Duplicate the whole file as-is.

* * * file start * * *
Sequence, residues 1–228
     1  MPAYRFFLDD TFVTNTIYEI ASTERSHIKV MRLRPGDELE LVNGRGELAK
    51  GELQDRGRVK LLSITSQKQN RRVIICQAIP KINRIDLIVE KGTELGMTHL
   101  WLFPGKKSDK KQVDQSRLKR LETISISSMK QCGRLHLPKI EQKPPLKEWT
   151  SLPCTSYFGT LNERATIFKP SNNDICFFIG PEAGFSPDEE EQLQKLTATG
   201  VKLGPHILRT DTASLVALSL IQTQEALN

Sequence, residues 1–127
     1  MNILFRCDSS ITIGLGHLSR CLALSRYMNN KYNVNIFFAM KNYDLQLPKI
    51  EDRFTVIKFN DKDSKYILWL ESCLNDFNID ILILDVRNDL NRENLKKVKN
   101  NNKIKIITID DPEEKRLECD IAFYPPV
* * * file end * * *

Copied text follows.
Sequence, residues 1–228
     1  MPAYRFFLDD TFVTNTIYEI ASTERSHIKV MRLRPGDELE LVNGRGELAK
    51  GELQDRGRVK LLSITSQKQN RRVIICQAIP KINRIDLIVE KGTELGMTHL
   101  WLFPGKKSDK KQVDQSRLKR LETISISSMK QCGRLHLPKI EQKPPLKEWT
   151  SLPCTSYFGT LNERATIFKP SNNDICFFIG PEAGFSPDEE EQLQKLTATG
   201  VKLGPHILRT DTASLVALSL IQTQEALN

Sequence, residues 1–127
     1  MNILFRCDSS ITIGLGHLSR CLALSRYMNN KYNVNIFFAM KNYDLQLPKI
    51  EDRFTVIKFN DKDSKYILWL ESCLNDFNID ILILDVRNDL NRENLKKVKN
   101  NNKIKIITID DPEEKRLECD IAFYPPV